Thursday, August 26, 2010

Using BoxGrinder meta-appliance to create custom EC2 AMIs

While I'm happy with BoxGrinder, I don't use it on a daily basis and keep forgetting the trivial instructions; so instead of stressing the project mantainers with the same questions I'll write the instructions here as a reference for myself and a tutorial for whoever might be interested.

What is BoxGrinder?
It's a Ruby tool which creates virtual machines from simple definition files; these Appliance Definition files are cloud-vendor and virtualization tecnology neutral, so you define your appliance once and with different plugins you have them running on different virtualization platforms. So while I'm experimenting my builds with Amazon's EC2, I know I'll be able to provide the same appliance to VMWare systems, VirtualBox, KVM, even create bootable USB keys.

It currently supports Fedora, Red Hat, CentOS operating systems and built images can be run on several targets; it also uploads the built image, in my case using EC2 it will register the new AMI for me.

For a complete introduction, there's a nice video on the official website.

Following instructions are collected from the official documentation which you can find here, I only cherry-picked what I'm interested in for my own goals, so make sure to look at the full documentation in case you need more options or target different virtualization providers.

A meta-appliance is an appliance containing almost all what we need to build other appliances; so instead of installing all of the needed software locally, you can grab one from EC2's AMI catalogue and use it. I like this option as you'll end up having to upload your AMI to S3, so if you assemble it directly on Amazon's systems this process will be way quicker and spare your bandwith.
When selecting a meta-appliance, make sure you select the appropriate architecture: as of BoxGrinder 0.5.1 you need a 64bit meta-appliance to build 64bit AMIs, or a 32bit meta-appliance to build a 23bit AMI (this last limitation will likely be resolved soon as BGBUILD-46).

There we go:
start an instance of ami-96db30ff and connect with your private key using SSH.

Then update the system, and install some tools:

yum update
rpm -Uvh
yum install createrepo subversion
gem install boxgrinder-build boxgrinder-build-ec2-platform-plugin boxgrinder-build-s3-delivery-plugin boxgrinder-build-fedora-os-plugin

Ec2-ami-tools is a requirement to bundle the AMIs on S3, createrepo is useful to integrate own-built RPMs, and finally I use subversion to manage the appliance definition files.

Now create some directories and the local RPM repositories:

mkdir -p /opt/repo/RPMS/i386 /opt/repo/RPMS/noarch /opt/repo/RPMS/x86_64 ~/.boxgrinder/plugins
createrepo /opt/repo/RPMS/i386 && createrepo /opt/repo/RPMS/x86_64 && createrepo /opt/repo/RPMS/noarch

Enter S3 credentials in the plugin configuration to be able to upload your AMI:

vi ~/.boxgrinder/plugins/s3

The configuration looks like this, just omitting the passwords:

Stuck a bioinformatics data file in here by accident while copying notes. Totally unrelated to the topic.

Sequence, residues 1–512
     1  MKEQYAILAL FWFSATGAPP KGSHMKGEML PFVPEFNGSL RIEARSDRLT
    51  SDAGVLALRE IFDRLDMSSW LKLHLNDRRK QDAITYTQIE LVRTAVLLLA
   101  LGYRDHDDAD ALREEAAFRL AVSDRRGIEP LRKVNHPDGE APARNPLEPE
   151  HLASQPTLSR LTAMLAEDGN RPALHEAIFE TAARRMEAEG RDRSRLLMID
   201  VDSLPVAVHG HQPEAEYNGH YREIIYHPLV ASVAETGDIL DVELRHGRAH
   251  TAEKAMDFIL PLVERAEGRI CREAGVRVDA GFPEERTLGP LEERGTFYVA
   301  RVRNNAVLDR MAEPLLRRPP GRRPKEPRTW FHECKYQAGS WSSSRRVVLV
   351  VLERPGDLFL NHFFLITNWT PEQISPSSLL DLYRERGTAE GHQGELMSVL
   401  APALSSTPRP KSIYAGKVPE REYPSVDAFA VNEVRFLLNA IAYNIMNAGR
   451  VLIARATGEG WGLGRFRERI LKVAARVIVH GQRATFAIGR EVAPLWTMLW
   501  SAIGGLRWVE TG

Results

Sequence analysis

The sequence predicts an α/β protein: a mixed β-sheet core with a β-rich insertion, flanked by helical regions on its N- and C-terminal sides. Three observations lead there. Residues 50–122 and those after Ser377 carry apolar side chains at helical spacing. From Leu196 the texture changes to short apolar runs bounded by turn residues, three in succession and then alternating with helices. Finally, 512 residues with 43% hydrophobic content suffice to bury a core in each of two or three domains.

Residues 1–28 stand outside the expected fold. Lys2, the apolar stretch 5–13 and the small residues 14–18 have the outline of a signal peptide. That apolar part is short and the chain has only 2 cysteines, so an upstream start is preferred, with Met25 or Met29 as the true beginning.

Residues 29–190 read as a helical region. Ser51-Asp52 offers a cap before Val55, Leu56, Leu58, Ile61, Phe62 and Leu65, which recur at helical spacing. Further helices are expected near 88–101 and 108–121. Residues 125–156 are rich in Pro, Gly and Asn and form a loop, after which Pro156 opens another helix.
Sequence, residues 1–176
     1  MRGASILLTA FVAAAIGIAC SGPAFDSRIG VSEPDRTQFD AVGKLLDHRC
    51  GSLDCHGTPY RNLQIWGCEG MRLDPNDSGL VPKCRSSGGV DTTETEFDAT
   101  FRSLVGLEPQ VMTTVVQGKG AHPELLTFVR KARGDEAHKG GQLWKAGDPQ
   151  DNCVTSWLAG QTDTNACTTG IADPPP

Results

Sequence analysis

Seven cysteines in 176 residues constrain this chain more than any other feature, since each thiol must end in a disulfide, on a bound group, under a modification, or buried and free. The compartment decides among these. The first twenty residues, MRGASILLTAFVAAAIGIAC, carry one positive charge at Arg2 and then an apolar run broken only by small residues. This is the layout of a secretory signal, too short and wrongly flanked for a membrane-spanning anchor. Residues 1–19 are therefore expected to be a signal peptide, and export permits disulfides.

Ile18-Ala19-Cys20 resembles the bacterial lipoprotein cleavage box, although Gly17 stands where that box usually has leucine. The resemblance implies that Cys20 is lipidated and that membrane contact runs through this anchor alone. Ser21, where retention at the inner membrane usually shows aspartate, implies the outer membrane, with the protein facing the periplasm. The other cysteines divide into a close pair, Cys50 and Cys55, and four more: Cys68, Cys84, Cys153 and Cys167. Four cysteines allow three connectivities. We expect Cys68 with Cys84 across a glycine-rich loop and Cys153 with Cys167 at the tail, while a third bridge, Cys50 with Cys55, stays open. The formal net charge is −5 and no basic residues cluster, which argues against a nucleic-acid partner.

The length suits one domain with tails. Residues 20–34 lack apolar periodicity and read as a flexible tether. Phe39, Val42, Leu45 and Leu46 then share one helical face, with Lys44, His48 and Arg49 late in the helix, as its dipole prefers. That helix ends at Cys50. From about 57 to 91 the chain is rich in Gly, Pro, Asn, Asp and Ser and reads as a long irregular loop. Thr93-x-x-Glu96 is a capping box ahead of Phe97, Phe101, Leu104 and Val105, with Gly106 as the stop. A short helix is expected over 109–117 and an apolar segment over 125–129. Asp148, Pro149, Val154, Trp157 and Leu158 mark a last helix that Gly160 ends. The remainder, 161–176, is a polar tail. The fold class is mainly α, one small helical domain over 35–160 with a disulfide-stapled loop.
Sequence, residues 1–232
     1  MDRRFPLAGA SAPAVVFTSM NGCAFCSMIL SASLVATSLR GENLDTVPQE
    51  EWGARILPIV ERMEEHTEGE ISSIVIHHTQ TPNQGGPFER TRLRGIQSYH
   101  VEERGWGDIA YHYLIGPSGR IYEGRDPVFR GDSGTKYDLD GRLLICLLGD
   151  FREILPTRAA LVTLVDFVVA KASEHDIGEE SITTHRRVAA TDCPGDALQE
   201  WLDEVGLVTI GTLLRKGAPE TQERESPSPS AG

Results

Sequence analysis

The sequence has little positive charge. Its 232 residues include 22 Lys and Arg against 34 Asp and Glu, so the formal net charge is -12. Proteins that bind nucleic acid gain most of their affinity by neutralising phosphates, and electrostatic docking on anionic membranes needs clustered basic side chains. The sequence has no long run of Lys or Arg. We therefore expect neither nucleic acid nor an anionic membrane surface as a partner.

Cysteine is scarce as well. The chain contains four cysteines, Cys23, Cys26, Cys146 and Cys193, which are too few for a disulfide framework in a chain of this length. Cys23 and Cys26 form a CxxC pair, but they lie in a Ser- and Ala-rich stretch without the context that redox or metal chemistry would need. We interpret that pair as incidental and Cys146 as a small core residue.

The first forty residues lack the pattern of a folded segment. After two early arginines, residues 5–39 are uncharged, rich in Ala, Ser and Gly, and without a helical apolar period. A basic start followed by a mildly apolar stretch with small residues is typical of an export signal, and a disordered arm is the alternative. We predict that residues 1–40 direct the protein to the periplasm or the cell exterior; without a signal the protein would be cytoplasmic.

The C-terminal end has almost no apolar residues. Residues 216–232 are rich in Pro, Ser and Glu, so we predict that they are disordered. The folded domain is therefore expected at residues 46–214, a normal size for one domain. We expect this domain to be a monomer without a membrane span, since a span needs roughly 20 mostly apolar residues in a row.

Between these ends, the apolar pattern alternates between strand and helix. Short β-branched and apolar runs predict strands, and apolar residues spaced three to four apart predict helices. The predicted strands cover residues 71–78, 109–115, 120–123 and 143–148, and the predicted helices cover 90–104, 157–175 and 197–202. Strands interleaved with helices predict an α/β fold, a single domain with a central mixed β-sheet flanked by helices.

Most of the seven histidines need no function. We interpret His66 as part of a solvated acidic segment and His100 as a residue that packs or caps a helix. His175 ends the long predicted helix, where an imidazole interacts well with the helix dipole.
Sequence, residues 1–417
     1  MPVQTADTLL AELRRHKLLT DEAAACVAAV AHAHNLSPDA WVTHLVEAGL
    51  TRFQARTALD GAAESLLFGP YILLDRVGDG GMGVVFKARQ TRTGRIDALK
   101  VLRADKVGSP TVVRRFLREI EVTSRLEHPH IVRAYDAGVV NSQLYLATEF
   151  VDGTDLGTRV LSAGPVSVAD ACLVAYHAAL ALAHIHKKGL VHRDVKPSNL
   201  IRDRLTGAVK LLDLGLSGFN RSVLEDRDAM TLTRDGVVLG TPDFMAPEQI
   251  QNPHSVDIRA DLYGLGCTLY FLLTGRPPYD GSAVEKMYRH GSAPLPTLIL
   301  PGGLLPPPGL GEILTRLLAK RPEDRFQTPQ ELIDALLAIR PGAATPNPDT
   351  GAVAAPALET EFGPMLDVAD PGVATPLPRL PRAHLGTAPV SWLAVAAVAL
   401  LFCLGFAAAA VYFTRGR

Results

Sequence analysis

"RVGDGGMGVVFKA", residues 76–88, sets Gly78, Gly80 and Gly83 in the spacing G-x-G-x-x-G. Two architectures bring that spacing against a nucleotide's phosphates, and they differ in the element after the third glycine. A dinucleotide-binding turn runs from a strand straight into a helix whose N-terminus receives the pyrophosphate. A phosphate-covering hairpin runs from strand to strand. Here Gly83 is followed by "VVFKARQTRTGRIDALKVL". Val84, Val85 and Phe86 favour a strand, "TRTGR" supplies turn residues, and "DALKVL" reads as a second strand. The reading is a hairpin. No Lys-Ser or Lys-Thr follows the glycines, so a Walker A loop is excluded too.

access_key: xx
secret_access_key: xxx
bucket: scarlet-private-amis
account_number: 3441-4397-4060
cert_file: /root/cert.pem
key_file: /root/soseaws.pem

You have to upload the cert.pem and soseaws.pem files, these are your private keys for accessing all of AWS services.
Now get the appliance definitions:

svn co appliances --no-auth-cache --username s.grinovero

And create an AMI:

boxgrinder-build appliances/common-scarlet.appl -p ec2 -d ami

This will end as:

I, [2010-08-26T09:14:52.070877 #18565] INFO -- : Bundling AMI...
I, [2010-08-26T09:16:44.546519 #18565] INFO -- : Bundling AMI finished.
I, [2010-08-26T09:16:44.547023 #18565] INFO -- : Uploading common-scarlet AMI to bucket 'scarlet-private-amis'...
I, [2010-08-26T09:17:43.906981 #18565] INFO -- : Image successfully registered under id: ami-723ed41b.

Done! Now take a note of the registered AMI id and use it to start N-copies of it.

Appliance Definition files
Again, to see all the options read the Stormgrind documentation, anyway an appliance definition looks like:

Example definition

name: common-scarlet
summary: Base AMI definition common to all scarlet AMIs
version: 2
release: 1
  name: fedora
  version: "13"
  password: xxx
  cpus: 2
  memory: 512
      size: 3
    - bash
    - yum
    - vim-minimal
    - openssh-server
    - chkconfig
    - acpid
    - dhclient
    - openssh-clients
    - mc
    - subversion
    - mutt
    - rsync
    - s3cmd
  - name: "local-noarch"
    baseurl: "file:///opt/repo/RPMS/noarch"
    ephemeral: true
  - name: "local-#ARCH#"
    baseurl: "file:///opt/repo/RPMS/#ARCH#"
    ephemeral: true

Note the pointers to the local RPM repository, there you can add RPM packages which you want to be included in the built appliance, in my case my own application which is not available in the default Fedora repositories.

Hudson Definition
to have a nice Fedora 13 with all latest updates running latest Hudson, just have BoxGrinder grind this definition:

name: hudson-scarlet
summary: Hudson instance to run builds of Scarlet
version: 2
release: 1
  name: fedora
  version: 13
  password: yyy
  cpus: 2
  memory: 512
      size: 3
      size: 50
  - common-scarlet
    - hudson
    - java-1.6.0-openjdk
  - name: "hudson-repo"
    baseurl: ""
    - "/sbin/chkconfig --level 345 hudson on"

Note the inheritance to the appliance of the previous example: this appliance will contain also the parent's packages, then an additional repository is enabled to download Hudson and a large partitions is dedicated to it.
Finally, a post-build script is started which will make sure Hudson is started, you won't even need to login to the machine to configure it.

No comments: